The Armed Man Mote Hall Maidstone with Maidstone Wind Symphony 23rd February 2013 by Calum Gray

A large and expectant audience gathered in the Mote Hall, Maidstone, for a concert by Maidstone Wind Symphony and Maidstone Choral Union, under the direction of Jonathan Crowhurst. 

The first half included three choral items: Locus Iste (Bruckner), A Hymn to the Virgin(Britten) and Coelos Ascendit Hodie (Stanford). Maidstone Choral Union immediately captured the attention of the listeners with a controlled yet sensitive approach to their singing. It was evident that much had been achieved in rehearsal, bringing about a level of performance that incorporated excellent phrasing, a wide expressive rangeand attention to musical detail. 

The programme notes suggested that the music of Hugo Alfvén (1872 – 1960) was little known beyond the borders of his native Sweden. His Fest-Ouverture for Large Military Band (Op.29 – 1909) is a delight that certainly deserves greater renown. Following an arresting opening flourish from the brass, Maidstone Wind Symphony was quickly into its stride demonstrating a crispness of ensemble that complemented perfectly the style of the music which was always attractive and easy on the ear.

The guest soloist was Mr Brett Baker, principal trombonist of the world famous Black Dyke Band. His participation in this concert could hardly have been more appropriate as it was, in effect, the public launch of the CD ‘Slide Projections’, made in July 2012 featuring Brett with Maidstone Wind Symphony. One of the CD’s three concertos, Johan de Meij’s T-Bone Concerto (1995) was performed in concert.  The tongue-incheek titles of the three movements (Rare, Medium and Well Done) belie a very serious composition that makes great demands both on the soloist and the accompanying band. From the outset Brett demonstrated his mastery of the trombone, assuredly coping with the many and varied technical challenges of the first movement. There was no compromise from Maidstone Wind Symphony in their approach, meeting all the requirements of the composer’s multi-textured accompaniment with the use of bass guitar, harp, four percussionists and keyboard. The second movement allowed the soloist to express his consummate musicality, drawing the audience in with some beautiful, lyrical playing, mirrored by the band’s warm, sympathetic accompaniment. There was no let-up for soloist and band alike inthe last movement, Brett constantly surprising the audience with his latest demonstration of virtuosity. 

The audience’s rapturous response to Brett’s performance of this wonderful showpiece brought the reward of an encore: Shout! by Rob Wiffin. It was as if the shackles had been shrugged off! Brett was a soloist unleashed in a performance that was as dynamic as it was entertaining and thoroughly enjoyable. There was no doubt that a considerable empathy exists between band and soloist and ‘Slide Projections’ will be an invaluable addition to your CD collection.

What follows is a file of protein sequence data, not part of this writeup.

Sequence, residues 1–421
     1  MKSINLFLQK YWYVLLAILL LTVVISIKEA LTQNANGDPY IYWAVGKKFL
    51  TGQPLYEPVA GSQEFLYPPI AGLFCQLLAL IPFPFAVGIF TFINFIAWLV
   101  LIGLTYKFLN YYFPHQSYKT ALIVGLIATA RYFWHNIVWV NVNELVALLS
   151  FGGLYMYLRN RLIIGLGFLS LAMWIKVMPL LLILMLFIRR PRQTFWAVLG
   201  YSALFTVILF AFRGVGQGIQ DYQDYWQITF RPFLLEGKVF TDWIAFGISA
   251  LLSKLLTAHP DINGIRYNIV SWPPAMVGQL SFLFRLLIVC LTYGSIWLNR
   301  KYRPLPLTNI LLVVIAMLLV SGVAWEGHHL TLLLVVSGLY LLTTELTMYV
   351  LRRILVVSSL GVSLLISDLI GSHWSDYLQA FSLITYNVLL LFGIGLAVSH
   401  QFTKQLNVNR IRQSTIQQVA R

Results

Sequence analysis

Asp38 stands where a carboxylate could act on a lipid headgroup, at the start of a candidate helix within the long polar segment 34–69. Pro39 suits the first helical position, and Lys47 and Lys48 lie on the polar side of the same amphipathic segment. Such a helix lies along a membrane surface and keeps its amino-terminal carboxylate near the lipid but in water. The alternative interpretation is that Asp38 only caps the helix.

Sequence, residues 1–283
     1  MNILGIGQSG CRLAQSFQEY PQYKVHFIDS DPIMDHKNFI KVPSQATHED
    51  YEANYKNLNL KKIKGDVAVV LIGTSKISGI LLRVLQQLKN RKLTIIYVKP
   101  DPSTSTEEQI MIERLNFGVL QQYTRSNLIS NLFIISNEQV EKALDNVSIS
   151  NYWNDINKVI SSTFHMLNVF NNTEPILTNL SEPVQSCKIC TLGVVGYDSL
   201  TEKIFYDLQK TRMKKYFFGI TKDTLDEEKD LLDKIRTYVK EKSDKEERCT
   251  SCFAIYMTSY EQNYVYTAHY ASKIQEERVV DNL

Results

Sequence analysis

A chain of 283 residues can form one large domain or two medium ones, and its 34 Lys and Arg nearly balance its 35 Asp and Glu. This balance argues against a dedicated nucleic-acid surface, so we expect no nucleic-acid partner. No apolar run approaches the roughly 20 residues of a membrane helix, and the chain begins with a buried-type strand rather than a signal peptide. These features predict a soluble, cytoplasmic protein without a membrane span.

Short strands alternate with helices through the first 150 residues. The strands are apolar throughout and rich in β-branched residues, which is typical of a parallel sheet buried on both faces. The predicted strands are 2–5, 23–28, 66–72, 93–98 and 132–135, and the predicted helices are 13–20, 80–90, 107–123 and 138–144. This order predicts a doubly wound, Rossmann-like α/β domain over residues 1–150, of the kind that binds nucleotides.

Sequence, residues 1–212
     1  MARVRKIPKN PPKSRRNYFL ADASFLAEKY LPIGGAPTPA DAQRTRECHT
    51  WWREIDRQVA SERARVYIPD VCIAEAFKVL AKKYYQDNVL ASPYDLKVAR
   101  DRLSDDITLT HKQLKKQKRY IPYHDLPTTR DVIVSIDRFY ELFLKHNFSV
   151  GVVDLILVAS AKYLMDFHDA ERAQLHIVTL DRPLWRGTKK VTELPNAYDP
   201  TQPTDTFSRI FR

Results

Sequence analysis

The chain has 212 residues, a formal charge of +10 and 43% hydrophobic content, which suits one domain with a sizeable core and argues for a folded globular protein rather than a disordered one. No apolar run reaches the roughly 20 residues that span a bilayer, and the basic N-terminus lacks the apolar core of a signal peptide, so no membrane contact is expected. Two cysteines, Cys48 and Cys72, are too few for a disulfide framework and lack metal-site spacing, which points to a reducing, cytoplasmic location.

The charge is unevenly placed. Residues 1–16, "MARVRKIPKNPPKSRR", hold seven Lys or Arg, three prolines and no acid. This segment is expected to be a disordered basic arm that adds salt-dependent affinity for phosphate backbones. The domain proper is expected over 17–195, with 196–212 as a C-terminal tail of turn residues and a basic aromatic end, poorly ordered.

The second half of the concert was devoted to the Choral Suite from The Armed Man(2000) by Welsh composer Karl Jenkins, once again placing Maidstone Choral Union in the spotlight. The spikey, repeating percussion rhythms supporting the piccolo soloist introduced a first movement that featured some fine, committed choral singing leading to a sharply executed conclusion. The Kyrie was notable for the crystal-clear voice of soprano soloist Samantha Hotston. Another highlight was the full, sonorous quality created by the choir in Hymn Before Action – this was the Maidstone Choral Society at its best. Special mention must also be given to Rosey Sutton, cor anglais soloist in the Benedictus. The depth of sensitivity that she brought to the sustained, flowing melody added something very special to this performance.

The movement entitled Better is Peace gave the band an opportunity to play rather more vigorously than their role as ‘accompanist’ allowed elsewhere in the work. The last notes of The Armed Man and of the concert itself were sung by the choir, holding their concentration to the end of the final, whispered chord. The acclaim from the members of Maidstone Choral Society and Maidstone Wind Symphony to Jonathan Crowhurst was testament to the high regard in which they hold his substantial skills as a musical director. Maidstone Wind Symphony is a wind ensemble of considerable ability. They fly the flag for wind band music-making high and proud and must rank as one of the foremost symphonic wind bands in the country. They are to be applauded for everything they do to raise the profile and standard of wind band music-making.

Calum Gray, Musical Director, Southampton Concert Wind Band

Former Music Director, The Band of the Light Division

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